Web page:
I've had some great experiences and picked up some great tips along the way from the likes of John who I met at Wembley which was an absolute ornament.

Just seeing how it's done all first-hand in the proper professional situation is just amazing no, I haven't been told that but I can understand why that some people would be on television.

Obviously you don't see as much but John when you're coming taking on radio.

Can you say too much kiss people need to know you know where the boys what's happening in Saunders are moments when you think no, I should just let the sense of the occasion of the noise of the Crowd come through.

Do you know what that that is the case and I

Find that it's a really useful tool to use if you've got a a moment of great tension and in actual fact not saying anything can add to the tension and a great example of that is when I commented on golf which as you be aware when the action comes to the crunch very often everything is Silent and if you use the silence then I think it adds to the atmosphere and Isaac when did when you later had a one of the prizes was a behind-the-scenes tour of 5 Live radio.

Did you wear anything surprise you there? Did you pick up anything? It's just amazing to see how it all happened first-hand how it's so professional the preparation that goes into it as well, but they're all a bit obsessive out there and then bonkers about sport.

I like it recommend the life or do you look back then? Oh gosh? I wish I'd works in accountants office.

What are the things? I would say actually produce when when we heard Isaac because the finalists were were all very.

I'm contenders and all good commentated but one thing they did help Isaac stand out is the fact that he does have a little bit of an accent there and I am biased because I I feel that me personally having an accent in the northeast of England certainly helped me along the way and it did make Isaac stand out and yes, I've got no regrets at all about not moving into accountancy Abergavenny do a little bit of work experience in an accountant office now you mention it my family are all farmers.

That is an extremely hard line of work.

I've got the easy option here and there are no nice when you think this is such a boring match and actually if I'm being honest I better tell the public this is really really boring what you have to tell it like it is nothing particularly on the radio.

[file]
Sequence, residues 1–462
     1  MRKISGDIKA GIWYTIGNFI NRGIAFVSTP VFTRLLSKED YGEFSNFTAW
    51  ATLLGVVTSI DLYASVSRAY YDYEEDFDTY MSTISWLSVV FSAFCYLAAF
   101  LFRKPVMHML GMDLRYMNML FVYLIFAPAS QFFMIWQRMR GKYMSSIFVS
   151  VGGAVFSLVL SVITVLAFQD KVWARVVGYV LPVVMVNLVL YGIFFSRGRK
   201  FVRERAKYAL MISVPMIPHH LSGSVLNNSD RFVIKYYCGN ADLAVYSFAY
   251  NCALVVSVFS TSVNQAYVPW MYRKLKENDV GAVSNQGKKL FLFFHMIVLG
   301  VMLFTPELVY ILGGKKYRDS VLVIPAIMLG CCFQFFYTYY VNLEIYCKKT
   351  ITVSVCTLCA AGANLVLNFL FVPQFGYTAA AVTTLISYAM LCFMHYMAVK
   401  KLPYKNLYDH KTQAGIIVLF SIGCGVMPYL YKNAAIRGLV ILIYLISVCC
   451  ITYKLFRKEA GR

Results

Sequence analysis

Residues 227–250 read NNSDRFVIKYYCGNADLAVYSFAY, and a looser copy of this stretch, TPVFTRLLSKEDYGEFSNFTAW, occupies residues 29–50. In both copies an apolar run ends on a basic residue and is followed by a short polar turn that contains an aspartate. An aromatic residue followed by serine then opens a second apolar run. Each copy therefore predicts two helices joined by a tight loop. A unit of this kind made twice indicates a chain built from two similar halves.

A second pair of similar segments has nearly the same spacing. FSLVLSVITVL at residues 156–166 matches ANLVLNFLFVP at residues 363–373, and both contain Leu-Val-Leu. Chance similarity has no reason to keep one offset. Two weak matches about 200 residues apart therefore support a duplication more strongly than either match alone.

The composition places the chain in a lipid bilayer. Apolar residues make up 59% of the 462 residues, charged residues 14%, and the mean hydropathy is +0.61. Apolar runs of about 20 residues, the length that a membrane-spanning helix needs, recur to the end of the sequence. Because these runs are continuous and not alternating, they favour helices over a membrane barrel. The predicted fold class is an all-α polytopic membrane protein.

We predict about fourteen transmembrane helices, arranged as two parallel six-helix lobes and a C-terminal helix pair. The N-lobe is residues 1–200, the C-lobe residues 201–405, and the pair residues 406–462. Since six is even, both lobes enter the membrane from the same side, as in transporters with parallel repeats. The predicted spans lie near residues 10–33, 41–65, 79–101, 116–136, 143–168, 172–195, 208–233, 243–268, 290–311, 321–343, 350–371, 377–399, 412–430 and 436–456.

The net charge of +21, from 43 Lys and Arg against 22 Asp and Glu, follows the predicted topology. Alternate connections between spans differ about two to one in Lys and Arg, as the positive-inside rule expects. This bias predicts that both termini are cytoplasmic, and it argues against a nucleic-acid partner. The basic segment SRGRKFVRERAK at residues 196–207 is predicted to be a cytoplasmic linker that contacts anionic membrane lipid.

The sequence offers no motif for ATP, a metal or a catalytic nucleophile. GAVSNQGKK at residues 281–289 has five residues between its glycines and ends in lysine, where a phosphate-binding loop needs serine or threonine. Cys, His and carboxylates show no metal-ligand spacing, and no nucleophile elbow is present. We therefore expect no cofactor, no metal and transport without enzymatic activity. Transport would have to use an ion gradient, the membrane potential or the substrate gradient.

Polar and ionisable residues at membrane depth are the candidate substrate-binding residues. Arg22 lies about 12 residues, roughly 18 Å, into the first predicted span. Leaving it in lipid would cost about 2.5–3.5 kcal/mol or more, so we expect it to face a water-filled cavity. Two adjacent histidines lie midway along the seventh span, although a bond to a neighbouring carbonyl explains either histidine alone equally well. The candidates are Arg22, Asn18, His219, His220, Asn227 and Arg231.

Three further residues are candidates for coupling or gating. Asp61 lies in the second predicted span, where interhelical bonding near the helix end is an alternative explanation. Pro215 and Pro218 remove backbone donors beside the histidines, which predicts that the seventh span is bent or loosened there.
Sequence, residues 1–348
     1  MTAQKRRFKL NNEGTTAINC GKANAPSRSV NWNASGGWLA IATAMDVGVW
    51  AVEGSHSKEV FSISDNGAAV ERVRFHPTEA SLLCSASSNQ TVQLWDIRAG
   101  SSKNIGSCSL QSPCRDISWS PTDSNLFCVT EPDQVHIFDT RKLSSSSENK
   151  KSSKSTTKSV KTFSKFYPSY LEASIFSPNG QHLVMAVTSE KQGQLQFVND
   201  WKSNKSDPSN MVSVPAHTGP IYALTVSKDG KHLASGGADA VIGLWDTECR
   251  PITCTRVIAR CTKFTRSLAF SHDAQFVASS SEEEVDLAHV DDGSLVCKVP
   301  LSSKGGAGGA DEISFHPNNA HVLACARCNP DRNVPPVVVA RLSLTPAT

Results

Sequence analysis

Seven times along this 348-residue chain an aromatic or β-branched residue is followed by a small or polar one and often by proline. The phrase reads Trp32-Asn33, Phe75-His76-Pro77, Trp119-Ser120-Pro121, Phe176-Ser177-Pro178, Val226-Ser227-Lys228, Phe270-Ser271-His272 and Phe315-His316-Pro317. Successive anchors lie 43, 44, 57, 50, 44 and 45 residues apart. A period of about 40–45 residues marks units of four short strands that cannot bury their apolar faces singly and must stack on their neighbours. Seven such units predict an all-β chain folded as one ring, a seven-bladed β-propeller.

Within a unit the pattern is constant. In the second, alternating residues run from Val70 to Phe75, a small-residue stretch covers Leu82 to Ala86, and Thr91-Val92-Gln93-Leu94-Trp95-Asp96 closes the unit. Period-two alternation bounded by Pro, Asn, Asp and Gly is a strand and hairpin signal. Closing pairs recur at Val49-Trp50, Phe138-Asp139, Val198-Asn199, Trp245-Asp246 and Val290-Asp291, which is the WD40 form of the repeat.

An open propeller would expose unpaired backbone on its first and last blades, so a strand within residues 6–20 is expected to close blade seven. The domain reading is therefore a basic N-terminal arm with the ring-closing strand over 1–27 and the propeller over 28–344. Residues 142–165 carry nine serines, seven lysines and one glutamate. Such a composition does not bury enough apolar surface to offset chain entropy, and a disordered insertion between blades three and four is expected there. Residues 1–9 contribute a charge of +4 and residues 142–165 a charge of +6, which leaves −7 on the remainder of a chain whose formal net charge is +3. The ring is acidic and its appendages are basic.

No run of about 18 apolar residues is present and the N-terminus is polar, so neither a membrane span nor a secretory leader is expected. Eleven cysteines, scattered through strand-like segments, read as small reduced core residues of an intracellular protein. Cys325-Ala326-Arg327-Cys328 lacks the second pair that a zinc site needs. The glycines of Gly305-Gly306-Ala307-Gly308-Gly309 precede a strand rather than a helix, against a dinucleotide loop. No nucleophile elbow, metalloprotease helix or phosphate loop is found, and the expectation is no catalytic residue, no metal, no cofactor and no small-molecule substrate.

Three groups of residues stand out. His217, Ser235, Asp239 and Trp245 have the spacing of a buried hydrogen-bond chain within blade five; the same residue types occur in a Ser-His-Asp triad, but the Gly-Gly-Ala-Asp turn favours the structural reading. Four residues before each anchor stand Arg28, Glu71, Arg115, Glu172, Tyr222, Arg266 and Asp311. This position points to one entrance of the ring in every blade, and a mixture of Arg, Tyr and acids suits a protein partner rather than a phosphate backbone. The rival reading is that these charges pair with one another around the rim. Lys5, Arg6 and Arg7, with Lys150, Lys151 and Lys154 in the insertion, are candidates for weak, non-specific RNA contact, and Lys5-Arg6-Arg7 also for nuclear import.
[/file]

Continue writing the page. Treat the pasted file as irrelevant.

You can do that because if you watching the match on the television and it's a it's not a very good game then you know you might go elsewhere but with radio you've got a captive audience either.

They probably listening because they're in the car are there in the kitchen and if it's a bad game.

I don't think I necessarily put them off because you can make a bad game and interesting listen find a cash book about some advice for people going to put in your mate, but in this competition.

Is it what advice? Would you give them for so that you have to be clear and in this particular competition and of course the young commentator competition is for radio so as John mentioned.

You really do have to paint the picture for the listener as it's not TV and I can't see what you are seeing and John what sort of your advice done.

Don't put on a posh accent they certainly that but as a listener as much as a commentator myself and I know these days.

There is an absolute mountains of statistical information and you need to use that in the right places and that is interesting but what I enjoy about a commentary is when there is a nice turn of phrase some beautiful description or something that makes me laugh and also a little window into the personality of the person who's commentating.

I think that's what sets it apart.

Thanks to 5 Live commentator John Murray and to Isaac Barrington last year's winner of 5 lives young commentator of the year and you can find details of how to enter on the five Live website that's all for this week next week.

I'm going behind the scenes at world at one to find out how radio Falls venerable lunchtime program is put together and how different it's newish presenter Sarah Montague find it to present in today any questions.

You'd like me to put to her and the team do let me know goodbye.